The employer’s obligations under occupational health and safety law are therefore also quite extensive when working from home. He must carry out a complete risk assessment of the workplace at home – if necessary also by means of an on-site inspection – and instruct the employee accordingly on this basis. In addition to the physical dangers, the employee must also be informed about the psychological risks of teleworking (keyword: isolation effect). Furthermore, all health requirements for the computer workstation (e.g. flicker-free screen, mirror-free work surface, ergonomic seating) must be complied with.


2. Occasional work from home

The situation is less clear if there is no teleworking, but only mobile work. In this case, the employee does not have a set up computer workstation in his private premises, but works mainly in the company premises and only from time to time from home or on the go using a notebook and mobile phone. The ArbStättV expressly does not apply to this mobile work.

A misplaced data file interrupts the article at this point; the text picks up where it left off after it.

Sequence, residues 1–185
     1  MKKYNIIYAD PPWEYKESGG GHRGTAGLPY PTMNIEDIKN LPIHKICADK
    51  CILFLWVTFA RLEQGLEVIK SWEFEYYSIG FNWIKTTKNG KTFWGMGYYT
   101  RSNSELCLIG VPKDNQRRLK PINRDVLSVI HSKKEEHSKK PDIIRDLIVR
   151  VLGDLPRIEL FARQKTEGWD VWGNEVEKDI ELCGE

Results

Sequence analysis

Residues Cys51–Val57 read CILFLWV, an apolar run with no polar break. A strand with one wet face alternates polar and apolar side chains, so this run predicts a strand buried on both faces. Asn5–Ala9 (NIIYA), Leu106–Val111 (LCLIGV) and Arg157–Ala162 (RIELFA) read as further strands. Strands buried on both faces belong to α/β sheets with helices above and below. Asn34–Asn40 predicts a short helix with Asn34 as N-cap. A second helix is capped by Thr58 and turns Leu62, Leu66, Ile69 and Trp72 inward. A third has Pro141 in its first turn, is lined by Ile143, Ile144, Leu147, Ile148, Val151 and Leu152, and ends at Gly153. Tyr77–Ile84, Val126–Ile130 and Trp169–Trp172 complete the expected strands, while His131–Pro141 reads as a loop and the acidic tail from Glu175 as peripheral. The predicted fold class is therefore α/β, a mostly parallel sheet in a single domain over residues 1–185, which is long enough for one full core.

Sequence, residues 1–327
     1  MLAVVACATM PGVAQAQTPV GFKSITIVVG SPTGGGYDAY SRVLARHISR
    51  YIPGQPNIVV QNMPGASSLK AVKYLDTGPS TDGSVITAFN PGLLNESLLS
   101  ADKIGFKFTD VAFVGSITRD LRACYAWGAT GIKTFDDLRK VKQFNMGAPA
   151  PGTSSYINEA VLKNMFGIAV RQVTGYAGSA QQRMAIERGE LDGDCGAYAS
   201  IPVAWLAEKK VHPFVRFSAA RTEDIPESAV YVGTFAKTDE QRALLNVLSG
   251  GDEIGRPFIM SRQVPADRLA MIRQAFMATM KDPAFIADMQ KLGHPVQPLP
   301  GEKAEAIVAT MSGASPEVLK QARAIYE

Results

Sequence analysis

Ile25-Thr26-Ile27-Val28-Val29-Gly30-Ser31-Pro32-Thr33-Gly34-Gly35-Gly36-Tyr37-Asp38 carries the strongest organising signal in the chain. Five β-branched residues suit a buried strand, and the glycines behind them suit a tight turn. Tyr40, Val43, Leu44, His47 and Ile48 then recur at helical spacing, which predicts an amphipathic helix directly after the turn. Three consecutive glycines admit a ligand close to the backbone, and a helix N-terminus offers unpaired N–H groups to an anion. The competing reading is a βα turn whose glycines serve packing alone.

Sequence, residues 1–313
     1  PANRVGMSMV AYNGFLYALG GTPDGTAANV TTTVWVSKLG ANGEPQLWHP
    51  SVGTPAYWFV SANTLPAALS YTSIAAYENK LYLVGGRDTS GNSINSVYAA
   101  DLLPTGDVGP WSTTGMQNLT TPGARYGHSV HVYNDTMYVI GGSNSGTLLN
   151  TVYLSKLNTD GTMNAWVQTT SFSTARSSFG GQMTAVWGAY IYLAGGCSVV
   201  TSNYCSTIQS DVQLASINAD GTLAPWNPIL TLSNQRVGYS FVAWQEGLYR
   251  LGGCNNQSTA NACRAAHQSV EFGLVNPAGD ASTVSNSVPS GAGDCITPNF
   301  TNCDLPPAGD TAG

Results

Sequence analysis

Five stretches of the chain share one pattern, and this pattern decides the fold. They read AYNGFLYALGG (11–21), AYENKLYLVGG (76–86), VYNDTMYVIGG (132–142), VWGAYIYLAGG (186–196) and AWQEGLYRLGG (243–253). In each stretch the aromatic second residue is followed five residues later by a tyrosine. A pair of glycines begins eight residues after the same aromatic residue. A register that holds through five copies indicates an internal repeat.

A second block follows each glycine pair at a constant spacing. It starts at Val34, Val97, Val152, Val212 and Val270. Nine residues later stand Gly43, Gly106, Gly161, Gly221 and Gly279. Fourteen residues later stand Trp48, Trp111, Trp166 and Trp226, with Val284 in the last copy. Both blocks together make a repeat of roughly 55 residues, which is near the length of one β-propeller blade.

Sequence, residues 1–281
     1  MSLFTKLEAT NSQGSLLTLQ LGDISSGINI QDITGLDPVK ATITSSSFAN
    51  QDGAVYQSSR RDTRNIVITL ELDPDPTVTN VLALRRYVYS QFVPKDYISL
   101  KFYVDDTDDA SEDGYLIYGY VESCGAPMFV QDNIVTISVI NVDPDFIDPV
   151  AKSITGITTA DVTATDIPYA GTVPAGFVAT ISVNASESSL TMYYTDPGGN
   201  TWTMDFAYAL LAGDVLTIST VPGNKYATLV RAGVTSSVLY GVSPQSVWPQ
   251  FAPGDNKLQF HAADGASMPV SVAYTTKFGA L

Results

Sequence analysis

However, the employer’s obligation to carry out a risk assessment does not only result from the specific ArbStättV, but also from the more general Occupational Health and Safety Act (ArbSchG). The prevailing opinion is therefore that a risk assessment and instruction in accordance with the ArbSchG, analogous to the ArbStättV, must also be carried out for mobile work.

However, this would completely contradict the systematics of the ArbStättV, which explicitly excludes mobile work from its scope of application. If the ArbStättV were formally left unapplied, but then the “back door” of the ArbSchG would lead to exactly the same employer obligations also for mobile work, the systematics of the ArbStättV would be taken ad absurdum. At the same time, however, the obligations arising from the ArbSchG cannot be ignored, certainly not with reference to a regulation which is below the law in the hierarchy of norms.